CANDY CROWLEY, CNN SR. POLITICAL CORRESPONDENT: Absolutely, Wolf. You know, the Clinton campaign has been complaining for weeks now that Barack Obama never got the scrutiny that she has gotten. They can't complain anymore.


CROWLEY (voice over): The last thing you want in the 24 hours before an election is a story you have to explain. It is where Barack Obama finds himself now.

A memo written by a Canadian official obtained by "The Associated Press" says top Obama economic adviser Austin Goolsbee met with Canadian officials at the Chicago Consulate and told them Obama's criticism of the free trade deal between Mexico, the U.S. and Canada "should be viewed as more about political positioning than a clear articulation of policy plans."

In Ohio, where NAFTA is a four letter word blamed for the loss of thousands of jobs, this is a "yikes" moment for Obama. The Clinton campaign seized it.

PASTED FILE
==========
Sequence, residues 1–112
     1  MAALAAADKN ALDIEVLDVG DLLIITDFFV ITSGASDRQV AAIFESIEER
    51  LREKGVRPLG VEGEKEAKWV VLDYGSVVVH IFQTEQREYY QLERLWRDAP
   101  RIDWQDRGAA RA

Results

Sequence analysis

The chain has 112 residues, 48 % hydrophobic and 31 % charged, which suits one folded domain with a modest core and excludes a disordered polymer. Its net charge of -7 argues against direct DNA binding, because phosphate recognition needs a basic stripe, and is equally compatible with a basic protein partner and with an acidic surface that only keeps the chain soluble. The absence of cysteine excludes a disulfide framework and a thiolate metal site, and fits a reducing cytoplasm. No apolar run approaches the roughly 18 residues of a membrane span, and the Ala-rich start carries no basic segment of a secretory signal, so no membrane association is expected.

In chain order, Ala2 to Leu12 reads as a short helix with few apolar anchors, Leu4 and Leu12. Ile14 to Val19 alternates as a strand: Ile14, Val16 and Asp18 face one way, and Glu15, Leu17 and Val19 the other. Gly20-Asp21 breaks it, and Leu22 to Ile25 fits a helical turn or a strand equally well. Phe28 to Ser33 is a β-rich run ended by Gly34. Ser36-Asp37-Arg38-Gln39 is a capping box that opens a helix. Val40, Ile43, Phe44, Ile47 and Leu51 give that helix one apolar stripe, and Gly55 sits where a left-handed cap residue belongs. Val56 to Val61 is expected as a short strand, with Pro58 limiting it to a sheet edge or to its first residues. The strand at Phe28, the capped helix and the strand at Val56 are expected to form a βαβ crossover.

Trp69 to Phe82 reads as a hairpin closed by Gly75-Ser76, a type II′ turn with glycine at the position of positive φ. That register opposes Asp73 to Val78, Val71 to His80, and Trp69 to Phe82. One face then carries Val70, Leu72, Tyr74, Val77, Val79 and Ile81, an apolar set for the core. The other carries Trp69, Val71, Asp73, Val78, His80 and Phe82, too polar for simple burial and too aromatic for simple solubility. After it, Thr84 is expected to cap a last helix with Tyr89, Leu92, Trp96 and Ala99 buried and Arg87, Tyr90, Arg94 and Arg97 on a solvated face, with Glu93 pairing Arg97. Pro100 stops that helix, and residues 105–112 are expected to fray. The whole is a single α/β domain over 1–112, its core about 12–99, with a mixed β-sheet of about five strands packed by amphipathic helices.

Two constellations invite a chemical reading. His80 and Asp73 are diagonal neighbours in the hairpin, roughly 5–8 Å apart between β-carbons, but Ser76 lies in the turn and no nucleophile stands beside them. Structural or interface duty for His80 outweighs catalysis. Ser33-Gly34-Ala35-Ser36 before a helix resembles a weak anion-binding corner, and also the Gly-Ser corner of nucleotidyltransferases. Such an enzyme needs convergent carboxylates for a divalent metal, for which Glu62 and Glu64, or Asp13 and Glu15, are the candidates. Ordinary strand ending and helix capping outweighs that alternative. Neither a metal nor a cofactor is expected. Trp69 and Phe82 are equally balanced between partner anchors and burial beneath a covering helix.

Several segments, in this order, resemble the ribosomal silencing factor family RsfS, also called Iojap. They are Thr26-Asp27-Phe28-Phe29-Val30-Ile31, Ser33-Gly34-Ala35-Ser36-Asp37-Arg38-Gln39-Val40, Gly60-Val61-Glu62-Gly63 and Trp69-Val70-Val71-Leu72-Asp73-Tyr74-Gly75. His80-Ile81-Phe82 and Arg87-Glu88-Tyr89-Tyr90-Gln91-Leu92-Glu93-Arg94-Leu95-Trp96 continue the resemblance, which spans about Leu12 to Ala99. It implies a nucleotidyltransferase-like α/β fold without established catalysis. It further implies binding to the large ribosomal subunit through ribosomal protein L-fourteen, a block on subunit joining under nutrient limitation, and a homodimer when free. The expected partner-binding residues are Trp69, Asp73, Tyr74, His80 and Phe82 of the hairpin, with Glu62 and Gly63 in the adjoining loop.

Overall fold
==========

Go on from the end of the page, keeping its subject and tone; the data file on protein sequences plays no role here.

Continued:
Obama officials say Goolsbee was acting as a university professor, not as a representative of the campaign, and that Obama has been consistent in his criticism of NAFTA. But this is not just about NAFTA. It's about the core of a campaign that promises a different kind of politics, no Washington speak.

The story first surfaced more than a week ago on Canadian TV. It was shot down then across the board by the Canadian Embassy and the candidate.

SEN. BARACK OBAMA (D-IL), PRESIDENTIAL CANDIDATE: The Canadian government put out a statement indicating that this was just not true. So I don't know...

UNIDENTIFIED FEMALE: What's your take?

OBAMA: ... who the source is -- it wasn't true.

CROWLEY: The meeting did take place. Top Obama officials say the candidate was not denying the meeting, but the gist of the story that his opposition to NAFTA is political. Still, several officials asked repeatedly over the last few days if a meeting took place, certainly implied it had not.